Intermodal freight operators entered the year expecting modest gains over a somewhat lackluster 2019 in which the industry handled some 13.7 million rail container units. Then the Covid-19 pandemic hit. Businesses shut their doors and sent employees to work from home. Consumers sheltered in place, unemployment skyrocketed, and the economy contracted to levels not seen since the Great Depression.
The impact on intermodal traffic was immediate. April and May saw volumes crater as weekly intermodal shipments dropped at an unprecedented pace. Ocean lines canceled hundreds of ship calls, reducing the flow of import containers into the U.S. to a trickle. Transportation companies furloughed employees. Railroads parked locomotives and sidelined railcars. Containers and chassis stacked up at ports and intermodal yards across the nation.
Then June arrived, and the market came roaring back. Consumers, stuck at home, embraced online ordering of everything from foodstuffs to exercise equipment to home improvement products. Retailers’ inventories were rapidly depleted. Essential goods demanding timely delivery began to soak up available truck and rail capacity. Service providers pivoted to redeploy equipment, bring back workers, and ramp up services.
By August and September, the industry was in a completely different place, facing capacity shortages and struggling with demand and volume challenges that just 60 days prior could not have been imagined.
“I have never seen a market like this,” observed Phillip D. Yeager, president and chief operating officer of Oak Brook, Illinois-based Hub Group, the nation’s second-largest intermodal services provider with $3.7 billion in revenue, a fleet of 42,000 containers and 5,000 trucks, and 5,000 employees. “It’s just been an amazing increase in volume and demand” as appetite for consumer products surged and retailers struggled to restock. “Consumers … are putting their government subsidies into home improvement and other discretionary items, whereas before they’d be spending on going out to restaurants and travel,” he notes.
In response, Hub Group upped its investment in capacity, buying and deploying 3,500 new containers in June, and, anticipating the surge in business, taking on some additional costs to reposition equipment and adjust its network to support customers, Yeager adds.
DEMAND SPIKES BRING PRICE HIKES
Going into the fall, the capacity crunch shows few signs of letting up—which means many shippers will soon be paying more for service. Rail lines already have implemented multiple rounds of surcharges, particularly on containers coming off the West Coast. At the same time, the surge in volume, coupled with tight capacity, is driving up spot rates for both over-the-road (OTR) truckload and intermodal. Higher contract rates are likely to follow.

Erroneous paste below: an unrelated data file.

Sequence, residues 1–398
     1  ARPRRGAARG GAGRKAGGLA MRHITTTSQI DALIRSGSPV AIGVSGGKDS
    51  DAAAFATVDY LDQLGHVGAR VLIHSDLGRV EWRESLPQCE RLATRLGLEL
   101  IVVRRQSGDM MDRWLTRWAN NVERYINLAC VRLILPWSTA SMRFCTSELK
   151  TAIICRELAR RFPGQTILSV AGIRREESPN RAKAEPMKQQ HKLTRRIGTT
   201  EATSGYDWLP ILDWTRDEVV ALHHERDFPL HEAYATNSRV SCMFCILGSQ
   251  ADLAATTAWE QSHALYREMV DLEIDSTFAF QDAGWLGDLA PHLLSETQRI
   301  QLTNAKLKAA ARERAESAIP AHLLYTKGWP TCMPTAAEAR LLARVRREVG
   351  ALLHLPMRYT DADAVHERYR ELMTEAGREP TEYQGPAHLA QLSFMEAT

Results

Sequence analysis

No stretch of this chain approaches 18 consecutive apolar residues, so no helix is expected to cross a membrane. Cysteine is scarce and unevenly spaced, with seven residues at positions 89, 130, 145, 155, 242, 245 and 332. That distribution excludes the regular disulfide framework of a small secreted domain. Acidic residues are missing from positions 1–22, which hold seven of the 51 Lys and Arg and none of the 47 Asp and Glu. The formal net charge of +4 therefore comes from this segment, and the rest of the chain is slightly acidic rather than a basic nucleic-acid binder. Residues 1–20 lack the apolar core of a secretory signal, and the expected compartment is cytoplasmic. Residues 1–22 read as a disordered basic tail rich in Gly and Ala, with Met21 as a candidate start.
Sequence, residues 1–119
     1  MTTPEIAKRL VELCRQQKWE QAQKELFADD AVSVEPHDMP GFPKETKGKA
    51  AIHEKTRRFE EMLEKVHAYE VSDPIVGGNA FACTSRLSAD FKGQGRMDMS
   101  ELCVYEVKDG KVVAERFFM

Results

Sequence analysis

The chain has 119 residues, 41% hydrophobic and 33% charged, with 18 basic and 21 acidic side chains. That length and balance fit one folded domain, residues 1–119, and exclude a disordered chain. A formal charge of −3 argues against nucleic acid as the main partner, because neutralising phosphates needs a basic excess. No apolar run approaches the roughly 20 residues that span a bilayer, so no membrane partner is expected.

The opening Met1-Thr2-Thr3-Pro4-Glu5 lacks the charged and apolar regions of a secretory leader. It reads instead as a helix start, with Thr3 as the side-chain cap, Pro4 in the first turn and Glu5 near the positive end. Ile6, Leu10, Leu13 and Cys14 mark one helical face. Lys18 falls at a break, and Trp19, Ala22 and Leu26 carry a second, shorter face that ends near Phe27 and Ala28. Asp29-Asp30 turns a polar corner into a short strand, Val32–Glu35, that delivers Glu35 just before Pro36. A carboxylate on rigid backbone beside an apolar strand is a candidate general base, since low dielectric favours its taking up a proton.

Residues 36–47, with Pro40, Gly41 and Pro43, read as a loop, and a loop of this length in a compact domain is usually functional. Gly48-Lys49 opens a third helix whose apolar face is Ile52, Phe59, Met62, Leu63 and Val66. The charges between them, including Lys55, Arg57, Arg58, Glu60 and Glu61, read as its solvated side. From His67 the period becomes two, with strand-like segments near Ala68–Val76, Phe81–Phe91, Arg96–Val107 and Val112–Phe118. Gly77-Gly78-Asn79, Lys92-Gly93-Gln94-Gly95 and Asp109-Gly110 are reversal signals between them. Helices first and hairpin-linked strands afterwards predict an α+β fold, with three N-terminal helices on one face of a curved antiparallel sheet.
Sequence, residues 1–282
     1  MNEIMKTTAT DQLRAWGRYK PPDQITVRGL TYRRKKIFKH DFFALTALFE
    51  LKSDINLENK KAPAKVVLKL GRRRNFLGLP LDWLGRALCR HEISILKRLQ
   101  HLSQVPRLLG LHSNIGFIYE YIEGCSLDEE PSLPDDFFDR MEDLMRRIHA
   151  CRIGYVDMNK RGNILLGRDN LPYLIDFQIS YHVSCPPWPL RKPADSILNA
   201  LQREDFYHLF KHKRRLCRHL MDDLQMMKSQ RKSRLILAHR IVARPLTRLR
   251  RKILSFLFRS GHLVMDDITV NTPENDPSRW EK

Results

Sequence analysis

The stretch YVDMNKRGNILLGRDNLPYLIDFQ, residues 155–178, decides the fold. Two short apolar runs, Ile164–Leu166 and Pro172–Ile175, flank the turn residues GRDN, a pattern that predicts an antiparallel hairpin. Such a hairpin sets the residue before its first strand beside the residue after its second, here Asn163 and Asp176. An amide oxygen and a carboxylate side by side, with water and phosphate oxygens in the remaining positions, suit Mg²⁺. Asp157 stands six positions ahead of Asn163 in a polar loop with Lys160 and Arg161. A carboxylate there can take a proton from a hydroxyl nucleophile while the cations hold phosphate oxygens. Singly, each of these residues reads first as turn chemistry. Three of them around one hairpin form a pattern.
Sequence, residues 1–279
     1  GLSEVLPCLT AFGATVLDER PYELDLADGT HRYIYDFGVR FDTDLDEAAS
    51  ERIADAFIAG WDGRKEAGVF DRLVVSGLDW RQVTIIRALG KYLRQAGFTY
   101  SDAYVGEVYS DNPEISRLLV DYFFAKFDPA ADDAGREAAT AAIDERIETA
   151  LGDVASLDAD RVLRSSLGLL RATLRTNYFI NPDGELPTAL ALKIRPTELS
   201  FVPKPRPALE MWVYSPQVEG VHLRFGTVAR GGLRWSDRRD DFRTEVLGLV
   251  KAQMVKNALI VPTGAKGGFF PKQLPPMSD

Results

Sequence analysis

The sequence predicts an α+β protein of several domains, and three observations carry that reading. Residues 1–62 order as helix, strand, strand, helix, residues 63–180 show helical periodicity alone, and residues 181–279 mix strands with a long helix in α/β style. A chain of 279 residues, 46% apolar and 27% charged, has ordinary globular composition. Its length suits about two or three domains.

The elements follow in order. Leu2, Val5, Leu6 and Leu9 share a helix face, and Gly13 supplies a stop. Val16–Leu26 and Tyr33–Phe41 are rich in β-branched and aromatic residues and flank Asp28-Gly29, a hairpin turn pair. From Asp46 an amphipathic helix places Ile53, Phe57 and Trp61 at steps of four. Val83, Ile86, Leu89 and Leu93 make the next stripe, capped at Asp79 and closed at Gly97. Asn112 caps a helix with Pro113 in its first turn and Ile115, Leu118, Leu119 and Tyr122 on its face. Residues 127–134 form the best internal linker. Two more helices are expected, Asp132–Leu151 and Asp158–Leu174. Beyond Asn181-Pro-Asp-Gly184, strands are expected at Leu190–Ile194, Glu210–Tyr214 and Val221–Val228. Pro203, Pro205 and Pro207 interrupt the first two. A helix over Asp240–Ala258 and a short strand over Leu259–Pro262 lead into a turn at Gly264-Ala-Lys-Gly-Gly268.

Yeager believes that if the current demand trends continue, “it sets us up for a really interesting 2021 bid season coming out of 2020.” Shippers who “support their partners” and have locked in capacity will do well, he says, noting that peak season “is happening right now. I think it’s going to be a spiky but prolonged peak,” with tight capacity extending through the end of the year.
Brandon Leonard, president of intermodal for Salt Lake City, Utah-based refrigerated carrier C.R. England, is seeing some service providers, already capacity constrained, turning down tenders and giving back recently awarded freight. “I think some are experiencing buyer’s remorse” on bids they won in April and May, Leonard says. He reports that he’s getting more “mini-bids” from large shippers who are looking for alternatives to cover freight that their existing providers can’t handle or are servicing poorly.
England’s focus is entirely on refrigerated, deploying a fleet of 1,600 intermodal “reefer” containers. Compared with dry-goods containers, turning around a “reefer” takes more time because of the maintenance (such as fueling) and cleaning that’s required between shipments. With reefer containers typically handling perishable goods, Leonard notes the company is less transaction-oriented and more focused on strategic, long-term customer relationships based on consistent year-round freight. Yet as capacity has tightened, shippers are knocking on the door. “We have all these new friends [coming to us] who have great long-term opportunities for us—starting tomorrow,” he says.
From a service perspective, Leonard generally gives good marks to rail operators but notes that the rapid spike in volumes has presented challenges, particularly for intermodal terminal operations. “Time from train arrival to the unit’s being grounded on a chassis is much longer than it was six to eight weeks ago,” he notes. Yet the pressure of responding to fast-rising volumes is rippling across all segments of the supply chain. “Whether from a truck driver perspective, warehouse or DC, freight terminal, rail crew, or drayage, there is a shortage of people able to go back to work,” he notes.
Matt Parry, senior vice president of logistics for Werner Logistics, agrees. “Demand … is significantly outpacing supply capabilities in all modes,” he notes. “The challenge … will center around the fluidity of the entire transportation network. Customers are struggling to support enormous inventory replenishment efforts. It’s a fragile network with interdependencies throughout.”